Black Bear QuestPosted on: August 11, 2020 FHMD
Eleven years ago I was lucky to have the opportunity to hunt both black and brown bear in Alaska, and although I didn’t harvest an animal, the thrill and the memories are like yesterday. At the time, I worked as the Women’s Hunting Program Coordinator for the NRA, which provided me many wonderful opportunities; this trip was my introduction to bear hunting!
Once Maryland opened a black bear hunting lottery in 2004. I participated for several years, with no luck, but in 2019 … that changed!
I was thrilled to hunt on property that bordered Savage River State Forest and the habitat was prime. I was hunting with my good buddy, her son (who also had a tag) and my husband. The property was littered with “bear signs” – scarred trees, and piles of dung around every corner.
The first three mornings were grueling – alarm going off at 4:15am, leaving the house by 5a.m. for a 30-minute drive to meet our hunting party and discuss strategies. We all took tree stands within a few hundred yards of one another; the first two days were uneventful.
In preparation for our hunt, we set up a blind knowing there was rain in the forecast as a place to stay dry if the forecast held true. The shelter would certainly be welcomed. On day two, after hours of no bear activity, I left my perch to check on the blind. It was a short hike from where I had been hunting. As I approached the blind it was clear to see a bear had visited it and kindly left claw marks across the top and sides…so much for getting out of rain.
Day three – as expected the weather was poor. It was drizzling and foggy, but that didn’t deter us. I took a different stand that day and my friend and I decided if we weren’t having any luck by late morning, we would meet and hike down to the now ruined blind and pack it out. It was about 11a.m. when we met. We cautiously approached the blind, scanning for bear, but no luck. I unloaded the Nosler 180 grain round from my Marlin .300wsm and we proceeded to take the blind down, stuffing it into two backpacks. I was carrying one pack and my rifle and my friend had the other. We started our hike out.
This was the last day I was available to hunt due to other obligations in the week. I was feeling a bit down when all of a sudden my friend said “BEAR, BEAR!” She pointed to the ridge ahead of us and we both dropped to the ground. I chambered the Nosler and shouldered my rifle, finding the bear approximately 150 yards out for just for a split-second before he spotted us and made a beeline up the mountain…he was gone.
Prior to the sighting, I was contemplating if this would be my last year hunting bear, but after the adrenaline rush of seeing that big bear on the ridge, I had second thoughts; the quest would continue. I was happy we at least saw a bear and had an exciting experience. I packed my gear and drove home feeling grateful for the experience. I always remind myself how hunting is so much more than the taking of an animal. It is the overall experience of being connected to nature and the camaraderie of sharing the experience with others.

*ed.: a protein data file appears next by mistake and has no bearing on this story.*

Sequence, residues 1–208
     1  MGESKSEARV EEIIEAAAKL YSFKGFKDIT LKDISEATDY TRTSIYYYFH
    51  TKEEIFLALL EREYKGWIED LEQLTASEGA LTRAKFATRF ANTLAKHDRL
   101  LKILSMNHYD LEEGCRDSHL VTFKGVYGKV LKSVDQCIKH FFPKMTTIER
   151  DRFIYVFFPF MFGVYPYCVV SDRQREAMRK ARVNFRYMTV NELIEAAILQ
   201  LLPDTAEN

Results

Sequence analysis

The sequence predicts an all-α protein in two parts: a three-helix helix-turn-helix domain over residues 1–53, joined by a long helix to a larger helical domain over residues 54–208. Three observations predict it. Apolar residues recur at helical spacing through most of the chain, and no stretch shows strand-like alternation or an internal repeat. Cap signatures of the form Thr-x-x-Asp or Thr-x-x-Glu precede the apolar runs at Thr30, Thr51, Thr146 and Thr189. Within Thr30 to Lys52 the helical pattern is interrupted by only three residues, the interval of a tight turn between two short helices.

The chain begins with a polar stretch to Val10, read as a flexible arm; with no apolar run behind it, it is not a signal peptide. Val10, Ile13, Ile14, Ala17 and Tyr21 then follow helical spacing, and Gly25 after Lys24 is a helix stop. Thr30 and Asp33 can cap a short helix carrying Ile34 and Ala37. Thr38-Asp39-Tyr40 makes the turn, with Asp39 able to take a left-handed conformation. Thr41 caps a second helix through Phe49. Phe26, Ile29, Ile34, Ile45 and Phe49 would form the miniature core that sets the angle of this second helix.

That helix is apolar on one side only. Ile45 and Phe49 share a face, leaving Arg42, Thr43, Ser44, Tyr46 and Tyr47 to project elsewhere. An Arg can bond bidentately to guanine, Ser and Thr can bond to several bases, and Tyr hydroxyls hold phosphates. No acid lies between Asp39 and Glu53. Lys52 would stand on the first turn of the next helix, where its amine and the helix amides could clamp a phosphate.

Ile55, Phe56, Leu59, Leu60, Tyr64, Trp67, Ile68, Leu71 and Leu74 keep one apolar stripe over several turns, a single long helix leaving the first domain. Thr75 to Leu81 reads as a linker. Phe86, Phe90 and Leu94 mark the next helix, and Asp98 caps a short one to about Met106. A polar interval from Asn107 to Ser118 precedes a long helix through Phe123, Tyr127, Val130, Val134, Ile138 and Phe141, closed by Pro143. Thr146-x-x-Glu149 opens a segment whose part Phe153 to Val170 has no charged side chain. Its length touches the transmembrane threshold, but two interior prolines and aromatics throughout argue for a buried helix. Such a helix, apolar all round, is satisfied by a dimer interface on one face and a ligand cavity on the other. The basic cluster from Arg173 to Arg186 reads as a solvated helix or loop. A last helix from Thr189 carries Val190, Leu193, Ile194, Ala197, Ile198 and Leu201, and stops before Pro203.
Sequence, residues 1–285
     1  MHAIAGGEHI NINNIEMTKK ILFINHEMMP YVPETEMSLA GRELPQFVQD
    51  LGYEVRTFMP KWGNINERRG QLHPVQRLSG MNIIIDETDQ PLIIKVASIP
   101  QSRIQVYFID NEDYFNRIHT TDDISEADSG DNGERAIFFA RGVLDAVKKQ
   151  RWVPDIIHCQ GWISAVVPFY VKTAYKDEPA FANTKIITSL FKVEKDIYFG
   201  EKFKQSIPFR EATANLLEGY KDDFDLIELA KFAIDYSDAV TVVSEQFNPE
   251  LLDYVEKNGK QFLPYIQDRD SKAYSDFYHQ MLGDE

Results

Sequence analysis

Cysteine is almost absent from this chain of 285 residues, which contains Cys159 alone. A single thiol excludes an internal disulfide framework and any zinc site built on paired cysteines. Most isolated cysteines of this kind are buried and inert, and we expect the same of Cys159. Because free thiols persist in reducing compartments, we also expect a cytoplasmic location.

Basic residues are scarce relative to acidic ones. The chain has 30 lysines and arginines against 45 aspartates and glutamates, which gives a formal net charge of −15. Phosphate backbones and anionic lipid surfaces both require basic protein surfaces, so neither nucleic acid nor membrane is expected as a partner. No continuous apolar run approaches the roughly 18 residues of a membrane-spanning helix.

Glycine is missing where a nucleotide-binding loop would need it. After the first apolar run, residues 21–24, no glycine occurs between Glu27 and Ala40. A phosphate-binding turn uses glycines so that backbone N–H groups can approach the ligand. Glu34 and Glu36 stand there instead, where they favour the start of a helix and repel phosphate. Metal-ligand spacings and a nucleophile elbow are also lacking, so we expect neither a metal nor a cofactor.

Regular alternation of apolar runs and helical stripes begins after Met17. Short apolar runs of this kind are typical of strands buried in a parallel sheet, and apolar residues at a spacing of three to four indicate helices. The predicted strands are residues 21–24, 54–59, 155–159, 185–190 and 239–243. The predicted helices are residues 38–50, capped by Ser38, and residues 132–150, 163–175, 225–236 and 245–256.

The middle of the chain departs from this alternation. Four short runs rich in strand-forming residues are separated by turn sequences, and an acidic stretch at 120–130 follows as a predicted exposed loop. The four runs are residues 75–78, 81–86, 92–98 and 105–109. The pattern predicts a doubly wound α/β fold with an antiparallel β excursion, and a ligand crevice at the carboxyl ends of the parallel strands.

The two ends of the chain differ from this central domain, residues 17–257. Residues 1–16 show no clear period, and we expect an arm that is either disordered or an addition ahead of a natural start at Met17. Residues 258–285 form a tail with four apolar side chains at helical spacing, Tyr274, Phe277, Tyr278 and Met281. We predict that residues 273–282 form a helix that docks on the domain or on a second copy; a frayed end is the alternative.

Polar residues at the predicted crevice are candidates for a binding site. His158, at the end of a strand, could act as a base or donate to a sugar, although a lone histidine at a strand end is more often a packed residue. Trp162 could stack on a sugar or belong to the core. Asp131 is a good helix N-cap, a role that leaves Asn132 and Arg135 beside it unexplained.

Once home I started carrying my gear inside, but my conscience was in overdrive, nagging me because there was still a few hours of light left if I wanted to go out and sit before closing another year on bear hunting. Fifteen minutes later I was in a tree stand that overlooked a marshy area.
I’ve seen several bears from this stand over the years, though all while deer hunting. I was only in my stand 30 minutes before I heard some rustling to my right; there he was, heading in my direction. I shouldered my rifle and waited for him to stop to make a clean shot. Finally he stopped, but behind a tree that covered all his vitals! He started moving again so I called out to him; he responded but, he’s now less than 60 yards from me with only his head and neck exposed.
As soon as he took his first stride, I took my shot. It was better than I could have hoped and he dropped where he stood. The realization of taking this beautiful animal was overwhelming. I was thrilled and nervous at the same time. It’s funny how emotions can be absent when focusing on the hunt and then surface, sometimes uncontrollably, when you harvest an animal; this was one of those moments.
I gave thanks and sat there a few moments before calling my hunt party. The realization of the scope of work ahead of me was now present and overwhelming. The weather was warm and, thus, time was not in my favor if I wanted to preserve the meat. I field dressed the bear and, thankfully, we had a side-by-side equipped with a winch that aided us in getting the bear out of the woods. Once loaded, I placed frozen water jugs in the cavity to cool the bear. We then drove to the check-in station at Mount Nebo Wildlife Management Area in Garrett County. The bruin’s estimated live weight was 267lbs. We had the bear at the processor within four hours of the harvest. The hunt was now complete, the harvest fully secured and there would be plenty of meat to share with family and friends. The years of waiting, the lack of sleep, the pre-hunt preparedness, it was so worth the final outcome – success!
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